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By Baroness Smith of Llanfaes
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Is Parliament's nursery ready for an inundation of post-election applications?

5 min read

Parliament’s nursery is over-subscribed – and the problem is only likely to get worse after the general election. Morgan Jones speaks to MPs, the House authorities and candidates already eyeing their place

“On the night of the general election, dozens of PPCs [prospective parliamentary candidates] in their 30s are going to be elected. They’re going to give their victory speeches, climb down from the stage, and one of the very first things they’re going to do as MPs is hit send on a pre-prepared application for the parliamentary creche,” one thirtysomething Labour candidate tells The House.

The Labour Party is eyeing a landslide, and a significant proportion of candidates hoping to turf out Tories – 48 per cent of them women – have young children, or envisage having them in the near future. In short, they’re more likely to want the services of the parliamentary creche than the people they are predicted to replace. 

There’s a problem, however: even before a likely influx of younger MPs, the service is already over-subscribed. In the sweep of parliamentary history, the estate’s nursery is a new innovation. Its opening was announced in 2009, shortly after John Bercow (then father to young children) became speaker, to “provide a more family-friendly offer to MPs and their families”, as a Commons spokesperson says. The facility is open to MPs, peers and their staff, plus lobby journalists and a variety of other workers on the estate.

An updated tiering system... will ensure MPs are prioritised for on-site nursery facilities

Not all parents are equal in the eyes of the authorities, however, as the stressed PPC in their 30s – along with a number of current MPs who are unhappy at not being able to secure places – will be pleased to hear. To tackle over-subscription, a spokesperson says, “the House has recently implemented an updated tiering system, which will ensure MPs are prioritised for on-site nursery facilities”. 

Speaking to parents who work on the parliamentary estate, all consider the nursery good, and good value for money. Both are true: it’s rated “outstanding” by Ofsted, and full-time care for under-twos is £1,406.16 a month, or £1,287 for over-twos. (The average for inner-London is just over £1,700.) It’s a service for people working on the estate, not a profit-making venture – interestingly, though, at its opening it was reported that the service would eventually wash its face financially.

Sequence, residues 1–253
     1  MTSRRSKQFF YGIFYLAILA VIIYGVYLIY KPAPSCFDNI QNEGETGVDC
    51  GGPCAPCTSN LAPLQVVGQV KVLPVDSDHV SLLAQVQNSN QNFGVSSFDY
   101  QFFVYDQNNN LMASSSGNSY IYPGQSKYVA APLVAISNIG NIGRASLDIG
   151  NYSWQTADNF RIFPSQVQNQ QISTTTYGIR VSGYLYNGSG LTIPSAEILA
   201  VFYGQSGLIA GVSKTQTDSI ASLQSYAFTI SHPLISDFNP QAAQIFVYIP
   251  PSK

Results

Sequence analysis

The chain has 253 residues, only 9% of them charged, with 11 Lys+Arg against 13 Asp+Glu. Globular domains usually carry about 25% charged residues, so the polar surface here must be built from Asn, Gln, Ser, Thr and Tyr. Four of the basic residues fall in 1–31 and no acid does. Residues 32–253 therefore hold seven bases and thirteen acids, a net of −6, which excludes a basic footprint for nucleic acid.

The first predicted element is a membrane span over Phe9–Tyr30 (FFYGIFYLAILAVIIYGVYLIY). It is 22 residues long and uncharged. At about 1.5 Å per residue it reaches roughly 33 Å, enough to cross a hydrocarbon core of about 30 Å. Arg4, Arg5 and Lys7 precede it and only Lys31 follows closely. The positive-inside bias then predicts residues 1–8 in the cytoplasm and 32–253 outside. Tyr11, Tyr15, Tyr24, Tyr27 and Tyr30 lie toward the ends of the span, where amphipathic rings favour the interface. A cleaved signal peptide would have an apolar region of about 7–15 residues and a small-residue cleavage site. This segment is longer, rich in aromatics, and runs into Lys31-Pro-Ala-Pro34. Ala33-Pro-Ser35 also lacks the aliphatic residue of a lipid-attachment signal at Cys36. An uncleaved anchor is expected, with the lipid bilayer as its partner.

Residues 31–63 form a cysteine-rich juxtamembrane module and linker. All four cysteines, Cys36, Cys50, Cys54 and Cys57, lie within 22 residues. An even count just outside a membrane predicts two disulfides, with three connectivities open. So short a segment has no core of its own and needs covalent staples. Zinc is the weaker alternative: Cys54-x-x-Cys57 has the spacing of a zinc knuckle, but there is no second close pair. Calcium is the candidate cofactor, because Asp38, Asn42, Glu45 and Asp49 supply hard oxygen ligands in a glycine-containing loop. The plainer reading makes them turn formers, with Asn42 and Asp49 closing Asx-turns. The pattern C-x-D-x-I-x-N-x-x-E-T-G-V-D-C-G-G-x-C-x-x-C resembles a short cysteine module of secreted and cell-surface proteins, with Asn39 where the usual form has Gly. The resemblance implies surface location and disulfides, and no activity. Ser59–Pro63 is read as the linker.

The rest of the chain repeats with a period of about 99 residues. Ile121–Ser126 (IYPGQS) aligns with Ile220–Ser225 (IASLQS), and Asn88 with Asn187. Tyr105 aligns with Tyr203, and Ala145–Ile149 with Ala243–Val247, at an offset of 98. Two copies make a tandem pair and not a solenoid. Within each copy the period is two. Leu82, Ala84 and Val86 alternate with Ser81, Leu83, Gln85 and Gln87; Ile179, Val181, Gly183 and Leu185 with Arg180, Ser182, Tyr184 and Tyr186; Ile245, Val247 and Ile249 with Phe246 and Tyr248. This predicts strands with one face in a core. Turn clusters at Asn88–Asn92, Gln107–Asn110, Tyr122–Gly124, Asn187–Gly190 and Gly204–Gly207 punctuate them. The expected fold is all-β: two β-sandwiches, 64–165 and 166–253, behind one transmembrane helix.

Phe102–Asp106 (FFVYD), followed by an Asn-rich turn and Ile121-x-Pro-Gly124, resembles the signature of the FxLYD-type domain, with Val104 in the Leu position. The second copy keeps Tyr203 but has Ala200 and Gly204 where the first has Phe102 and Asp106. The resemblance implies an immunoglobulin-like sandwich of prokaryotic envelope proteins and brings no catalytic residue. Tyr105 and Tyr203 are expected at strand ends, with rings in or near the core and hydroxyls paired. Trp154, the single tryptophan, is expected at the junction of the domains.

The nursery’s non-profit-making status has been the subject of criticism in the past, however. In 2013, then-MP Roger Godsiff called for the “subsidised and lavish facility” to be shut down unless it could turn a profit. One suspects a degree of motivated reasoning from the former Labour MP: the main nursery facility, located in 1 Parliament Street, was previously Bellamy’s bar, which Godsiff campaigned to save.

The nursery replacing a bar is a sign of Parliament’s changing culture and priorities. Historian Sarah Crook has commended its “pleasing symbolism”. If, in sweeping terms, it’s team bar vs team nursery, it is easy enough to place the current Speaker, guaranteed to be a key player in any provision changes in the next parliament. 

Stella Creasy (Credit: Alamy)
Stella Creasy (Credit: Alamy)

Sir Lindsay Hoyle has consistently shown himself open to modernising Parliament; in 2021, after Labour MP Stella Creasy was told she couldn’t bring her baby into a debate, he recommended a review, arguing that “rules have to be seen in context and they change with the times” (the review ultimately found against rule changes).

Along with campaigning MPs like Creasy, childcare and meaningfully accessible workplaces are subjects of interest for a wide variety of Labour groups, all of which will become more influential should the party triumph at the polls. The House understands that Labour will ask its candidates what their childcare needs will be if they’re elected. The Women’s Parliamentary Labour Party, Labour Women’s Network and the Labour Women’s Parliamentary Staff Network are all likely to keep a watchful eye on progress – with the flexibility of nursery provision being one key concern.

“It’s so important that parents aren’t driven away from working in Parliament or pursuing careers in politics because of a lack of access to suitable childcare,” says a spokesperson from the Labour Campaign for Childcare, one such organisation likely to be paying close attention.

“We hope that a Labour government will commit to ensuring the parliamentary nursery is able to provide the level of support that all the workers on the parliamentary estate need.”

Among those leading the charge against Godsiff’s anti-nursery campaign a decade ago was Labour’s Lucy Powell. Her daughter was in the first cohort to use the nursery, and the Manchester Central MP is now leading a newly re-established user group – a sub-committee of the administration committee, featuring both Labour and Tory MPs, along with other staff users and representatives – for the nursery. 

Powell acknowledges that there have “been a few issues in the last year or so with place allocation”, but tells The House she is “very confident we can quickly resolve all of these”. The nursery will be able to continue with its “core function” in the next parliament, she says: supporting working parents on the parliamentary estate. 

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